Are you looking for an opportunity to squander up to 30 percent of your budget? Then I recommend ignoring the discount deadlines for show services.
4. Displaying too many products.
A cluttered exhibit can look like a garage sale and will likely overwhelm or even exasperate attendees. I like to compare "shopping" an exhibit to visiting a retail store. If I'm going to a big-box discounter such as T.J. Maxx, I know I need to devote time to digging through the racks to find what I'm looking for. But if I'm on a show floor, I have a fixed amount of hours and energy to locate what I need. Most attendees are in the same boat and will be turned off by a cluttered exhibit.
I understand the mindset that it's best to maximize your show-floor presence by spotlighting every product and service in your company's portfolio, but take a step back and reevaluate your exhibiting objectives, as well as the needs of each show's average attendee. Then work with your internal stakeholders to identify which specific products and services are applicable to both concerns. These edited offerings should be the primary focus of your exhibit, and information on the rest of your company's goods can be made accessible via touchscreen kiosks or emailed literature.
5. Choosing exhibit components that are heavy or difficult to assemble.
To sidestep the cost of renting an exhibit property, one of my clients shipped several brand-new, never-been-assembled Ikea bookcases to a show. What this client didn't take into consideration, however, were the hours of union labor required to screw together the hundreds of pieces of these ad-hoc exhibit walls. Ultimately, the setup and drayage fees eclipsed any potential savings this endeavor was trying to realize. My advice is to opt for lightweight fabric elements whenever possible. And if you do go the DIY route, find components that are easy to build on the show floor or can be assembled in advance and shipped to the venue.
6. Missing discount deadlines.
Are you looking for an opportunity to squander up to 30 percent of your exhibit-marketing budget? If so, then I recommend ignoring the deadlines for early bird discounts on show services such as furnishings, rigging, and electrical. Or if you'd prefer to allocate your exhibiting dollars more wisely, add the discount deadlines to your calendar and set automatic reminders a few days prior to give you time to complete your service orders.
If you aren't 100 percent set on your order by the deadline, submit what you do know you'll need. You can always amend the order later, and this way you'll at least get the bulk of your services at a discounted price.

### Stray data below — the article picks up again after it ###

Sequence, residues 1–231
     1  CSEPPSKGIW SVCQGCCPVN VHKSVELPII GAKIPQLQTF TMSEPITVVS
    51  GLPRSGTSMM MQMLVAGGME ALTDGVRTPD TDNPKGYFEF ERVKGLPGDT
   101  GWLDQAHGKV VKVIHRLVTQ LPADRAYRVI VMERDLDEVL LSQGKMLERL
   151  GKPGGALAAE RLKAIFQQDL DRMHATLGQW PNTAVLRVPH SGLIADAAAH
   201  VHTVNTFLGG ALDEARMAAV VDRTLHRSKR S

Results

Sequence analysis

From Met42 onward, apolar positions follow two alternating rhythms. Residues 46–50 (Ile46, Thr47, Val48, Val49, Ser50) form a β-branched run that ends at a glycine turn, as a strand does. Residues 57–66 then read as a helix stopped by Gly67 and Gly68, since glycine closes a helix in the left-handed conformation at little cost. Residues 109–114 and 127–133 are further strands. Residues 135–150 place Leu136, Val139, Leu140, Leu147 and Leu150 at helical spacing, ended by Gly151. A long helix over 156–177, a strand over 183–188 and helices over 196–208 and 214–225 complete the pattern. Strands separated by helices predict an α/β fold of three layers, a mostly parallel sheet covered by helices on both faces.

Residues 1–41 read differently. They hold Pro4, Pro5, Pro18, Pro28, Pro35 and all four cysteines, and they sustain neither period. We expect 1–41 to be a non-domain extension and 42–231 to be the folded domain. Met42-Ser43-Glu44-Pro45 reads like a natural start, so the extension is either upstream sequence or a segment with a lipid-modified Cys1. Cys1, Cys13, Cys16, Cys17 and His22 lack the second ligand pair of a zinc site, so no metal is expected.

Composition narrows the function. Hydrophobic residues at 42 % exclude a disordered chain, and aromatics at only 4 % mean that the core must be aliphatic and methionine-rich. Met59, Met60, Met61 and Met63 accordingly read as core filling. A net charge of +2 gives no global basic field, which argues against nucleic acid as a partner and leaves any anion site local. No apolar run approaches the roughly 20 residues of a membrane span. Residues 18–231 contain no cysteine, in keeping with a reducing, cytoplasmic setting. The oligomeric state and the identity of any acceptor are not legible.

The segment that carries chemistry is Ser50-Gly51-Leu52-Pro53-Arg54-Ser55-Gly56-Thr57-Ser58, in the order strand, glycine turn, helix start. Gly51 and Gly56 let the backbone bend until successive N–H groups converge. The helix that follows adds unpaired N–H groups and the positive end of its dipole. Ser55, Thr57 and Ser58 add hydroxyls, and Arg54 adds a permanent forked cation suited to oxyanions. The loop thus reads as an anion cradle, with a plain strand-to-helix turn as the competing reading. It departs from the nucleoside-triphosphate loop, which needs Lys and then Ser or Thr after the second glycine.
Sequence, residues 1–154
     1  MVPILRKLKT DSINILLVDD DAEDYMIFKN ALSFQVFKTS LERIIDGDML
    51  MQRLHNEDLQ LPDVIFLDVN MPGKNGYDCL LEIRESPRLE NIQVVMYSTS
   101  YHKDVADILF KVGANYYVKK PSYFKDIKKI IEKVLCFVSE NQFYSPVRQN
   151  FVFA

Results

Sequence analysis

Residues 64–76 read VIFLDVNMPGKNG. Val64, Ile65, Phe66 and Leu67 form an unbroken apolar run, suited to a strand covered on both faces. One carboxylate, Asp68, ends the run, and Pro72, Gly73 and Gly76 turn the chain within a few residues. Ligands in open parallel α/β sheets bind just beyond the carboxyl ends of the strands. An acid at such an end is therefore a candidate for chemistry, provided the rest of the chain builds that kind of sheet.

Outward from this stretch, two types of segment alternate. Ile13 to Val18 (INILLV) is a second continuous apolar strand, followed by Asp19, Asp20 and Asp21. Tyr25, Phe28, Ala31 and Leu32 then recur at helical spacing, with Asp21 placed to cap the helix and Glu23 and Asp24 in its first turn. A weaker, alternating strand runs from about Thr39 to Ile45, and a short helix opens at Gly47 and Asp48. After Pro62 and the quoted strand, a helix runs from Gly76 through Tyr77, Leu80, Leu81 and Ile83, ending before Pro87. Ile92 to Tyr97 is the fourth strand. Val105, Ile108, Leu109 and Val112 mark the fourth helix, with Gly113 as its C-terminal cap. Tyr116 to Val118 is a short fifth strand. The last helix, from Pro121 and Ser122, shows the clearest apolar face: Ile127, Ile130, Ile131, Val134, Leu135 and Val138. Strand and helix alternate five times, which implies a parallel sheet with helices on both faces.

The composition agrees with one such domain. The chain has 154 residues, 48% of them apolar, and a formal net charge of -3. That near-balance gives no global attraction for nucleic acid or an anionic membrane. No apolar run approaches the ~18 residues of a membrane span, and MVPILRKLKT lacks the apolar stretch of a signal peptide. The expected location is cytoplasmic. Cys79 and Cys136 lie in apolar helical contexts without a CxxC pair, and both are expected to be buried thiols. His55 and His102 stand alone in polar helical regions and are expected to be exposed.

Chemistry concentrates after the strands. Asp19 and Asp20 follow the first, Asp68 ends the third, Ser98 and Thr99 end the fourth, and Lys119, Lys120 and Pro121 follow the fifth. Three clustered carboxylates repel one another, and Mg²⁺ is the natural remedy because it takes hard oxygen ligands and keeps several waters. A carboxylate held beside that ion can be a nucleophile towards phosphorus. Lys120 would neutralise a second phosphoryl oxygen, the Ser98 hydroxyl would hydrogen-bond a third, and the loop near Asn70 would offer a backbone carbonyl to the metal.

7. Sending too many small packages.
Most general service contractors (GSCs) charge a small-package fee for boxes weighing less than 30 to 40 pounds. Depending on the GSC or venue, this fee could be in the ballpark of $50 per box. So if a situation arose in which you sent 10 small packages to the show site, you'd be looking at a $500 material-handling charge. On the other hand, if these shipments were consolidated into one box, your material-handling bill would likely be for 1 hundredweight (CWT) and closer to $100. That's an instant saving of $400! So consolidate your shipments whenever possible, and if you do have one or two last-minute packages, consider shipping them to your hotel and hand carrying them to the venue.
8. Failing to designate a project lead.
There are frequently multiple internal stakeholders involved in my clients' trade show planning processes, principally key members of the marketing and sales teams. It shouldn't come as a shock that these two departments have very different priorities, goals, and opinions. I've been given a clear directive from my contact on a client's marketing team only to be told to go in an entirely different direction by my contact in the sales department. Should a similar situation arise with your exhibit-house rep, whom should he or she listen to?
To avert these "too many cooks in the kitchen" scenarios, it's essential for your company to designate one specific person as its trade show lead. This individual should be the main point person funneling communications between the company and its external exhibiting partners. Interdepartmental debates and squabbles over trade show strategies and objectives are par for the course, but having a single project lead who will issue directives to an exhibit house will minimize confusion.
No one is infallible – myself included. Thankfully many of the mistakes mentioned here can be avoided with some frank discussions, a bit of pre-show planning, and a dash of big-picture awareness.
Betsy Earle, CTSM
managing director and founder of Event Driven Solutions LLC. Earle obtained her MBA at the University of Miami and earned her Diamond-level CTSM designation in 2018. Exhibiting101@exhibitormagazine.com